[A mother researched the internet to find information that led her to refuse an adenoidectomy when her son had “tubes” in his eardrums due to chronic infections. Now other doctors are recommending the same thing and asks for yet another “opinion” about what she should do. She also claims she’s worried about the hospital being “clean” and wants to go into the operating room with him because she’s a nurses aid.]
We have been to see our pediatrician and have gone through three speech pathologists. The first ENT I took my son to suggested an adenoidectomy. I researched the procedure and it’s pros and cons. I opted for tubes in his ears– the earaches are gone and his speech was somewhat corrected. We are now seeing a second ENT who works for Children’s Hospital in Buffalo, NY. She has also suggested an adenoidectomy. She explained to me that it may not help his speech, but is very confident that it will greatly reduce the mouth breathing, bad breath, dental issues, snoring, tossing\turning and quite possibly the night terrors. I wonder if this is too good to be true, but she is the second surgeon to say so. I want very much to make the right and, just as important, informed decision for my son. If this is not detailed enough I can provide more. Are there other websites I can visit? And if I choose to have the surgery, how can I be sure that the environment is clean? I am a nursing student (I have finished my surgical rotation), working my way through college as a CNA (certified nurses aid). Would I be allowed in the room?
It is quite common, once the criterion for PE Tubes have been met, to remove the adenoid tissue during the same surgery. If during surgery the doctor saw that there was substantial adenoid tissue he should have removed it while the child was under anesthesia. (It’s the ‘tonsil’ portion of the T&A you probably read in the internet about that sometimes doesn’t need to be done.)
The most frequent cause for recurrent ear infections, especially those which don’t quite clear well, is having parents that smoke and/or being on a bottle long after they need to be. The reason this is the case is: that the tube which drains the middle ear (Eustachian tube) becomes inflamed and inadequate to equalize the pressure on the eardrum like it’s supposed to do. Smoke, even second hand, causes congestion and inflammation of tissues thereby closing off the child-size tube.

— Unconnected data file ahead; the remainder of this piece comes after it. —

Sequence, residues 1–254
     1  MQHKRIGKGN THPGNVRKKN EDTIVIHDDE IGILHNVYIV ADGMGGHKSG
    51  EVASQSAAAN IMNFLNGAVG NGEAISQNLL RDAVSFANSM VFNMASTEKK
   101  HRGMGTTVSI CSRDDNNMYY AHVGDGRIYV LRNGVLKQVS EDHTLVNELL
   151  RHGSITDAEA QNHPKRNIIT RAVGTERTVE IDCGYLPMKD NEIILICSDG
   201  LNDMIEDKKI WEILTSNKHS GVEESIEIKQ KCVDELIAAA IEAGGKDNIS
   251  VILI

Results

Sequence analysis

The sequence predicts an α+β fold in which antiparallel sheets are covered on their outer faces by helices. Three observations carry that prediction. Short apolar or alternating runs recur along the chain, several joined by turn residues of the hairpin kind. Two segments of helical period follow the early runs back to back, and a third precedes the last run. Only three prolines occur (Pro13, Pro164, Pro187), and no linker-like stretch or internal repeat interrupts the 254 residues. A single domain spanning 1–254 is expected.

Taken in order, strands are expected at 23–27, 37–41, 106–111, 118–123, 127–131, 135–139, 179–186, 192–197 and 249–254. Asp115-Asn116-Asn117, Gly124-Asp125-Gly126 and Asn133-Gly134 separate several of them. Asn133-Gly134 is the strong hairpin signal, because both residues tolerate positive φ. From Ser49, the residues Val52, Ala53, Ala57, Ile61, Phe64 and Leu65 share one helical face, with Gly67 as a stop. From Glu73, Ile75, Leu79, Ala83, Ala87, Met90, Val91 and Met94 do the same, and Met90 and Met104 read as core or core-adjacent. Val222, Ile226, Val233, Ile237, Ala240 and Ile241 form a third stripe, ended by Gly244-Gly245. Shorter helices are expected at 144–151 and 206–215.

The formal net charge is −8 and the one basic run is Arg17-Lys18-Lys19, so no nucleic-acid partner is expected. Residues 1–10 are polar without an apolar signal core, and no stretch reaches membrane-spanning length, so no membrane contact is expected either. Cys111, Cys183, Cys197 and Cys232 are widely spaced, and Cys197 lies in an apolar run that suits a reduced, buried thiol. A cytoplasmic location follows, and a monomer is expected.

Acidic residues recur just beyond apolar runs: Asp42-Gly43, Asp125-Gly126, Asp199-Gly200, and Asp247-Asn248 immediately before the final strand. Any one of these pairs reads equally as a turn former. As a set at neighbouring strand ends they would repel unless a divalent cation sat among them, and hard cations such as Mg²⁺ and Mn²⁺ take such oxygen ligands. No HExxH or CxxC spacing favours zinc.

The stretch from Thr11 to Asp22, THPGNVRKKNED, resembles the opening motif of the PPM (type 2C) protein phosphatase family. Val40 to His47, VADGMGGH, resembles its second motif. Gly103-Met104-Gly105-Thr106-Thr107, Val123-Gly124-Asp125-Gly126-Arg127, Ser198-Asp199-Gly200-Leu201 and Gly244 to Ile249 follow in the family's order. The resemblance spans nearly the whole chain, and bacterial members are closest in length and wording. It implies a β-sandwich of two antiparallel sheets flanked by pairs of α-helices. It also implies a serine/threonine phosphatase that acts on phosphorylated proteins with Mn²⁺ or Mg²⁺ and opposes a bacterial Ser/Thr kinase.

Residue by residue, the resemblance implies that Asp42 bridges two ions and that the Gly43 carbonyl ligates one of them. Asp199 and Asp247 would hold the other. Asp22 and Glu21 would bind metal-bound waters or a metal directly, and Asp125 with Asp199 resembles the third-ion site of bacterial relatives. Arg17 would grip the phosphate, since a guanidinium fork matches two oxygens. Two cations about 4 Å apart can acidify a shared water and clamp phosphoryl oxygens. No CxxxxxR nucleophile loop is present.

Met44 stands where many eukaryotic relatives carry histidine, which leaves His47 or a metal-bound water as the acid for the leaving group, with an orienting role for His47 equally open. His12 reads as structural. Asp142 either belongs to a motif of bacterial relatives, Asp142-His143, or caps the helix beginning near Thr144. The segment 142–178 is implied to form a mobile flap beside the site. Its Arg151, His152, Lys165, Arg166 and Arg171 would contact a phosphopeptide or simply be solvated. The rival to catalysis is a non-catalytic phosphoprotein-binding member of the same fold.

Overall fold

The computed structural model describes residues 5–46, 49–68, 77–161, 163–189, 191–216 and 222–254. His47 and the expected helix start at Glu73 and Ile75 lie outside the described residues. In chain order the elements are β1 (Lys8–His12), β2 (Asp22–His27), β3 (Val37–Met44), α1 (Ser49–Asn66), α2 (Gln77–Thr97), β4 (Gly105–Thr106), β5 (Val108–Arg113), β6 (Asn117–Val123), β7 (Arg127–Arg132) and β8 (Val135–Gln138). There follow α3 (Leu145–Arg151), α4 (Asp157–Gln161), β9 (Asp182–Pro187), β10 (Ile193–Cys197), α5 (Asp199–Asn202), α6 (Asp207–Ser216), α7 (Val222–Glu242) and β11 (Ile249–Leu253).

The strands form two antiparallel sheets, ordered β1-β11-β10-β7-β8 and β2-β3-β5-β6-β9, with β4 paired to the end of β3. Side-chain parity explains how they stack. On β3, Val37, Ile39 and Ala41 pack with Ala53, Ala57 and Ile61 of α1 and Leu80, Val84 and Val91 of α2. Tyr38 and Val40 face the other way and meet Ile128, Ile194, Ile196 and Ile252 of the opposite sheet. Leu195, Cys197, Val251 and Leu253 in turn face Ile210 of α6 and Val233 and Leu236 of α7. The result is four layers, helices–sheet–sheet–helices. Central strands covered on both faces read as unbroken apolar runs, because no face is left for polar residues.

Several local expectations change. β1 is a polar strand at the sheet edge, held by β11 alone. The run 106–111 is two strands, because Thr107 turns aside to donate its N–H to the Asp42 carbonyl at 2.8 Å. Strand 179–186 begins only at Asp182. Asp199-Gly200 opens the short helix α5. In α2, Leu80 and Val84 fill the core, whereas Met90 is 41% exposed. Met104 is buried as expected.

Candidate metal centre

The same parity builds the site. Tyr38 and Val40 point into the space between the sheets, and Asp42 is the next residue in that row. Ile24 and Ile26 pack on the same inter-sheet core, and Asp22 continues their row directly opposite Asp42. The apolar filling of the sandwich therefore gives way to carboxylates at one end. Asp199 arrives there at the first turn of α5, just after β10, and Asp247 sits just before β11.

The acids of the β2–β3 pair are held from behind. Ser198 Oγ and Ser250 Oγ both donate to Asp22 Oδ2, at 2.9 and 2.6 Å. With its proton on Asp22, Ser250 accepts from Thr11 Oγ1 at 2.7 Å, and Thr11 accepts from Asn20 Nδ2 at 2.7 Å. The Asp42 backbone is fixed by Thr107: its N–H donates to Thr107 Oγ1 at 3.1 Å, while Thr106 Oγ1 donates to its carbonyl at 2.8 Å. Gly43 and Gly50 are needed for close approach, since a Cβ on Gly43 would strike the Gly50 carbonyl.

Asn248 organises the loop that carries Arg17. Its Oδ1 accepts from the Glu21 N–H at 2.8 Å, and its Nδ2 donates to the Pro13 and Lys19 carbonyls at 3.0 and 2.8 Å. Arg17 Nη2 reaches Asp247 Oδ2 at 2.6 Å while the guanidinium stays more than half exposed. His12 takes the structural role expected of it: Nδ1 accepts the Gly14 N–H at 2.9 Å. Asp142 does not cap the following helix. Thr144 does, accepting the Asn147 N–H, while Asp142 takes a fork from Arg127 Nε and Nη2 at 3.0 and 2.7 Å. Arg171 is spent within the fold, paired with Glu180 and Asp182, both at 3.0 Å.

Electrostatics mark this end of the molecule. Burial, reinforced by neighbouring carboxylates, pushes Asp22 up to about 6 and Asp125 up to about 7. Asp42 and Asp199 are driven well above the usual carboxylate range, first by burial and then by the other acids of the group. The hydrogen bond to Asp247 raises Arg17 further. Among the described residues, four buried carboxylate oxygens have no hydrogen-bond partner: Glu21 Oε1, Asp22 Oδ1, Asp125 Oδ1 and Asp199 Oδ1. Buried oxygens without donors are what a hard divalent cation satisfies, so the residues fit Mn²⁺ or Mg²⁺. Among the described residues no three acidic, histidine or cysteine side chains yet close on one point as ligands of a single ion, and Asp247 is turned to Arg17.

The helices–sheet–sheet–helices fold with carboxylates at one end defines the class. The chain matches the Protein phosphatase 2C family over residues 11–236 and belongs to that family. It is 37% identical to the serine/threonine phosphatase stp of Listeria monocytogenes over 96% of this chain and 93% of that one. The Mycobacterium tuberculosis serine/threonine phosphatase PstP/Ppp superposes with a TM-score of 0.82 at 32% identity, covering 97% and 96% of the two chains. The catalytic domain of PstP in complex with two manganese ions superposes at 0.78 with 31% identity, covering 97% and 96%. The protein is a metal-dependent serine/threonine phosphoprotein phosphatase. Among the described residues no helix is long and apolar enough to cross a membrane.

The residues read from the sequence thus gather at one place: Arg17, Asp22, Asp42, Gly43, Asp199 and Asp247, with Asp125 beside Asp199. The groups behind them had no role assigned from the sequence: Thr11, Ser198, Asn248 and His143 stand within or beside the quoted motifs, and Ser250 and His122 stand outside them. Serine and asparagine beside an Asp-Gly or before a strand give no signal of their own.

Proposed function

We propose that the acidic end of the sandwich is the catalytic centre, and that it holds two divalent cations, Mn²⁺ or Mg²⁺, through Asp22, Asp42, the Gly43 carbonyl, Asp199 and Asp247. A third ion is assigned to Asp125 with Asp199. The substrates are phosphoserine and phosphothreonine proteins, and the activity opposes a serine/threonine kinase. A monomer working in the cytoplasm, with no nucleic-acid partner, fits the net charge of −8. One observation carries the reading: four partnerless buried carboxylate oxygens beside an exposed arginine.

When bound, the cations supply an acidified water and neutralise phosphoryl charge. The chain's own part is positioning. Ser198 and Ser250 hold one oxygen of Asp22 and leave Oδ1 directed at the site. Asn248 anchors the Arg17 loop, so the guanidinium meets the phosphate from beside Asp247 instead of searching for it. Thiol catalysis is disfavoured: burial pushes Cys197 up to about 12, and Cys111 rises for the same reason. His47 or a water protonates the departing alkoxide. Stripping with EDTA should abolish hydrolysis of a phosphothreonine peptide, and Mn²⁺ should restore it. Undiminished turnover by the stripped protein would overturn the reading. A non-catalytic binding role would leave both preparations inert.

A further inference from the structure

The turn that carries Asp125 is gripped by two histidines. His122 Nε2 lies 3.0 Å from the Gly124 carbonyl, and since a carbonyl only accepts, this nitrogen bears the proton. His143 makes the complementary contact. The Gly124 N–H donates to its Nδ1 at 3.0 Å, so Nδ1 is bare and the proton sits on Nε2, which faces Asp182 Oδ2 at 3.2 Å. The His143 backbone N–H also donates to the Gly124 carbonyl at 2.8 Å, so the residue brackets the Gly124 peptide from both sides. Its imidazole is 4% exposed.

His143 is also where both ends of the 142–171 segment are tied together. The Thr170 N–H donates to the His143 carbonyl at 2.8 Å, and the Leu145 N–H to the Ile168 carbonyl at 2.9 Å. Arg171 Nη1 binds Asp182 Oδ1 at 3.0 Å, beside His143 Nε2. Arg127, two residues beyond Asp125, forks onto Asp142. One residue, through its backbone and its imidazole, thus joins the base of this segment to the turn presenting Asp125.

Tilting the child’s head back to suck on a bottle does, essentially, the same thing. It is also felt that adenoid tissue, because it is placed so close to the back-of-the-nose opening of the Eustachian tube, could cause blockage if it is enlarged. The problem is, that you can’t see the full adenoid tissue unless you hold the child’s tongue out and use special instruments with mirrors to look “around the corner” at the back of the throat. Something that the ordinary child won’t put up with – if he is at all awake and has any choice in the matter. So, once a myringotomy with tubes becomes medically necessary, I usually suggest that parents:
1) see an ENT specialist that they can trust to be honest,
2) give permission for the doctor to examine the child under anesthesia, and
3) take the adenoids out, at the same time the tubes are placed, if they are encroaching on the Eustachian tube orifice.
I’m not sure what you mean by “dental issues and night terrors” but it would be rare for them to be related to adenoid tissue. Mouth breathing, might be – IF the adenoid tissue mass was extensive. Perhaps you have an ENT specialist that you trust (and a child who might cooperate by being sleepy) so a good exam of the adenoid tissue can be made in the office. If the nasal choanae are completely obstructed by tissue it either could be removed, or you could wait until the child’s passages grow and lymph tissue shrinks.
[As an incidental note:
– There have been studies which have shown that T&As (removal of tonsils and adenoids) do NOT reduce snoring;
– It’s not a good idea for a parent to go into the surgery – even if you want special treatment for being medically associated;
– Information from the internet is too suspicious to ever be used to “over-ride” a “live” doctor who you can trust and who has examined your child; and lastly,
– “Being clean” is such a basic tenet of a hospital that if you have to “wonder” about it you should go to a different hospital.]
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